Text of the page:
I am not a big fan of modern IP practice. The tremendous value that an IP practitioner can bring to a company, plus the fact that so few attorneys are qualified to sit for the Patent Bar exam, makes a patent attorney a very valuable commodity. From a patent attorney’s perspective, this means that a higher hourly billing rate is appropriate.
I have found that clients seem to fall into three categories. The sophisticated client understands IP and knows exactly what services they want. Typically, this client has in-house counsel that handles patents and other related IP matters. The in-house counsel is the voice of IP reason within the company, educating the inventors and being a constant resource for management decisions.
On the other end of the spectrum are clients such as first time independent inventors who have not been down the road before. These clients need effective education and counseling to help craft a business plan that can make good use of their IP assets.
In the middle are strong companies who have some IP assets (protected or not) but do not have in-house counsel. These companies may have tremendous IP assets that could be developed into revenue generating licensing deals, used as effective weapons against competitors, or as assets to attract current or future investors.
These companies in the middle are some of the most active producers of IP, but the old bill-by-the-(very expensive)-hour IP attorneys don’t address as well as they could. As business managers and inventors learn about IP protection and become proficient in making good strategic and tactical decisions, they need to ask questions. Sometimes these questions take two minutes and get the manager on the right track, other times it is apparent that the overall company may need training in some aspects of IP. In the bill-by-the-hour scheme, the two minute phone call gets billed to the client as a minimum charge of .2 hours and a tailored education program becomes so ridiculously expensive for the two or three people in the company who need it.
I think that the bill-by-the-hour IP attorneys do themselves and their clients a disservice by billing a high rate for every service they provide. When a small, growing company who is watching their bottom line gets a bill for $75 just for a short, two minute phone call, they are less likely to call with the next question. The result is that the communication between the attorney and client is tempered or severely curtailed.
I have witnessed this behavior from a number of viewpoints. As a client of a law firm, I received bills for $50 because my case was ‘reviewed for docketing,’ even though I never received a letter, phone call, or other correspondence. As an inventor at a medium sized company, we were forbidden from calling the patent attorney without specific prior authorization because of the horrendous bills we had received, this is despite the fact that we had ongoing projects with the attorney. As an employee at a law firm, several clients had expressed dissatisfaction with the constant bills for which they perceived little value. As a sole practitioner, many clients have expressed their displeasure with other firms for these practices.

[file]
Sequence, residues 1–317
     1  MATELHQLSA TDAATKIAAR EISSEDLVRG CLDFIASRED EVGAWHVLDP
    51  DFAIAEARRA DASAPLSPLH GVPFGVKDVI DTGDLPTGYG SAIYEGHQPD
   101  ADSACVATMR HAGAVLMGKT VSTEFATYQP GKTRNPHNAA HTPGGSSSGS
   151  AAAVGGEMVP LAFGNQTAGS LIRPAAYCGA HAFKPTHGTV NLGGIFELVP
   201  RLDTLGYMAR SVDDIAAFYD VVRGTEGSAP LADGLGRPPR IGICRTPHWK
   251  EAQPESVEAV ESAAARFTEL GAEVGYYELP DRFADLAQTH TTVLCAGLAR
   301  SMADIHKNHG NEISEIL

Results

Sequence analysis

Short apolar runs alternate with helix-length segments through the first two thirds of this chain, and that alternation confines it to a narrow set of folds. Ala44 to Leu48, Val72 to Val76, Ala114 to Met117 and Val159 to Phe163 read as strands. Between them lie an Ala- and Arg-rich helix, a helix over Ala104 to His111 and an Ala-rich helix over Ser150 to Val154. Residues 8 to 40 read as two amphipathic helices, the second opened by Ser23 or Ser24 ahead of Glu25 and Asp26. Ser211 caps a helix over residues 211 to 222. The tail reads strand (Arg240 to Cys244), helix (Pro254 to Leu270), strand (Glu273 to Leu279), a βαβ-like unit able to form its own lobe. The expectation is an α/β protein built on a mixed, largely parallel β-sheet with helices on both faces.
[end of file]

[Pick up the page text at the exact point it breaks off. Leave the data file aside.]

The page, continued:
From the practitioner’s standpoint, the first hour of consultation with a client is often the single most valuable hour the client may ever get from the attorney. As the client lays out their issues, all of the attorney’s hard fought experiences are brought to bear to suggest a course of action. After that, preparing and prosecuting a patent is comparatively bland. The individual phone calls or short consultations at irregular intervals may require answers steeped in the practitioner’s vast experience.
I see the client relationship from a long term perspective. Looking at it long term, if I answer a phone call, spend an afternoon educating and strategizing with the client, I may lose out on a couple billable hours, but I am much more likely to identify new areas to patent, suggest new strategies for licensing, and develop a better rapport. When my clients are happy, they recommend me to other potential clients, which starts those relationships off on a good foot. In the end, by foregoing a few hours of billing at the front end, I get much more work from that client relationship.
The other aspect is pricing the various services. For example, a training session for engineers or business managers should be a reasonable fee, not necessarily at the full billing rate. Quarterly or annual reviews may be at a prearranged nominal price or even free. When the client invests in prosecuting a patent, I like to use fixed fees that encourage communication and innovation with the client. I reserve the right to change the fee structure if the client becomes unduly burdensome, but I have never had to do so.
Remember the old adage, “You can shear a sheep over and over, but you can only skin him once.”